In the City: "Don't walk over there in the dark, because there are people who will see your backpack and think they should have it. When in doubt, run toward the light."

In the Woods: "Is that a person? What's it going to do? Where do I run? Are those weird ears or some kind of weird hat?"

Grew up in the country. Live in the city now.

Blogger Veronica Mitchell said...

When we decided to move, I told my husband, "I want to live in a neighborhood where screams are rare enough that when I hear one, I call the police."

Blogger Heather B. said...

I know what you mean. I've had several of those "Now would be an awesome time to get the hell out" moments - seeing a dead body on the street while driving through your neighborhood will do that to a person - but then I still loved it of course.

Now that I'm rather removed from it all when I come back I realize that I miss the energy and even the sirens. I need to find a delicate balance is all. Perhaps Virginia?

Blogger Christina said...

I live here, and it's not just "tonight"--- it's pretty much every night. The fear and hyper-alertness are, in my opinion, unhealthy. Look at crime statistics nationwide, and you'll see why I felt safer in NEW YORK than in the city I grew up outside of.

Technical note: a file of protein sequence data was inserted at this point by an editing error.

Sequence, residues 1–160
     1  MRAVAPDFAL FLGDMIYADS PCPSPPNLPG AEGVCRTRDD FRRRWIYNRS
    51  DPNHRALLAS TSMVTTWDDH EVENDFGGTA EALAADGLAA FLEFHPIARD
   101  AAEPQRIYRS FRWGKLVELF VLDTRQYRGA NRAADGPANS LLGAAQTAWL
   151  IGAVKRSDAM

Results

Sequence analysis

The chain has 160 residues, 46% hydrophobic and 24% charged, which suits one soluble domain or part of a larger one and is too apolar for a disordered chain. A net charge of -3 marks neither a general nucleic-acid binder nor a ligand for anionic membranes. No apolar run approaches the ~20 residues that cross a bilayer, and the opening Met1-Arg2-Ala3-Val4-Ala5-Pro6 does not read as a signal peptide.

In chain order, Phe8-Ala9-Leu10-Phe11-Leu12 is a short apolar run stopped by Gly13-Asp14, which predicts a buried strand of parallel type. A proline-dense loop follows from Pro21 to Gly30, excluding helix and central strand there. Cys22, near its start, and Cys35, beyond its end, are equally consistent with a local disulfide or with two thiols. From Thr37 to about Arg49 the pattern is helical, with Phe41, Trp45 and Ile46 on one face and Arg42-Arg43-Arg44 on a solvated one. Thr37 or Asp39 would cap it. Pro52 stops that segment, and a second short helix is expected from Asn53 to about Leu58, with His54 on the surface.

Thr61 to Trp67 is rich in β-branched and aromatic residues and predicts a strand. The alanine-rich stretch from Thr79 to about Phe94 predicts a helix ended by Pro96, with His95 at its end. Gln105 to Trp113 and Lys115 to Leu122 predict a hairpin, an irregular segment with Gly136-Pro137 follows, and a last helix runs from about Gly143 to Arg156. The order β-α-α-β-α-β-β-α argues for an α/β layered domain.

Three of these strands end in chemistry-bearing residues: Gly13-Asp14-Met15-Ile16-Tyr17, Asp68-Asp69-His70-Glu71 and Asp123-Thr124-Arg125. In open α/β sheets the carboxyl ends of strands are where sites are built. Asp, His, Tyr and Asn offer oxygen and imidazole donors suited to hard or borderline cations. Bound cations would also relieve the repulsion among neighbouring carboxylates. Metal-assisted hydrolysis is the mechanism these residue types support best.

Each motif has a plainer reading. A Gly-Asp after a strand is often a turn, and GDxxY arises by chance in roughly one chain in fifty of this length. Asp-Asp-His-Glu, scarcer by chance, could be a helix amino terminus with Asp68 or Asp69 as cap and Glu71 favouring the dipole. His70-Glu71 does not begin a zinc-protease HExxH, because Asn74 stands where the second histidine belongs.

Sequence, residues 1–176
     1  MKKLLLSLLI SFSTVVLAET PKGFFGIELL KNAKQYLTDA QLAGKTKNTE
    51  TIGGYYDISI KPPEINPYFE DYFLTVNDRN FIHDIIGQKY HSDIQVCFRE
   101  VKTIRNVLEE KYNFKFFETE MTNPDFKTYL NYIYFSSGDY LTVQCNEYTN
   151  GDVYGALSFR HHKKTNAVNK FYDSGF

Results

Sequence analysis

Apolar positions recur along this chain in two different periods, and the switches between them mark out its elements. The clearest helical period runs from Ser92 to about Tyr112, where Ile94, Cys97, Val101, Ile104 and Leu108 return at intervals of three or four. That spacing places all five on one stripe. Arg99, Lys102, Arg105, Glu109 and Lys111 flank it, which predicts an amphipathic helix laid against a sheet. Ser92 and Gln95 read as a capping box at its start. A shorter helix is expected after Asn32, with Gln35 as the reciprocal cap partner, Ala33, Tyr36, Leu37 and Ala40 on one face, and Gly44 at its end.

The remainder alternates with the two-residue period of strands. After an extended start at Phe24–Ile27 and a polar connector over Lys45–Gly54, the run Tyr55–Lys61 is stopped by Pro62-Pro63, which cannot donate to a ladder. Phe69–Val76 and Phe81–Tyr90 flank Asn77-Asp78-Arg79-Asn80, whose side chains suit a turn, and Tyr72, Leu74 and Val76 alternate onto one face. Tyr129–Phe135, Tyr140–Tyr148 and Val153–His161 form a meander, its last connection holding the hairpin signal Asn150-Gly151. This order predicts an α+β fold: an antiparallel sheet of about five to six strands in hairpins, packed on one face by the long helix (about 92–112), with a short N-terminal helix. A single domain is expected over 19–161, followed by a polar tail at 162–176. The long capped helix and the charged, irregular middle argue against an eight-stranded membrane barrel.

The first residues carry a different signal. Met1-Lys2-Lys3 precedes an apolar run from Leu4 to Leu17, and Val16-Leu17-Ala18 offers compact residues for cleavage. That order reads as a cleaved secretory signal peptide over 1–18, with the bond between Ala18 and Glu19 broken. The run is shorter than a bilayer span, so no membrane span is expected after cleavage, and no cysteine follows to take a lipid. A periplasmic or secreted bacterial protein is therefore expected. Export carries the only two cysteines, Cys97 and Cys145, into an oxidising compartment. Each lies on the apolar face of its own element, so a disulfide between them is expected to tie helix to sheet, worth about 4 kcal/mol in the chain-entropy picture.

It's sad. I can't see myself raising a family here. There are equally vibrant cities with much less crime and class/race warfare.

Blogger Zandria said...

It sucks when you don't feel safe walking around the place where you live. :(

Blogger Gunfighter said...

I still love DC, and wish that I could live there now... probably in the same neighborhood that you live in, more or less.

Like anyplce... you havee to learn about safety aspects. The suburbs are no different, nor is it any different in the country. It's just a little more in your face in the city... but WHAT a city?!

DC is exciting. I know that many people hate it, but I love, love, love Washington, DC in a way that I could never love New York, even though I grew up less than a 30 minute drive from Manhattan.

You hang in there.

GF

Blogger JP said...

Why don't you move to New York?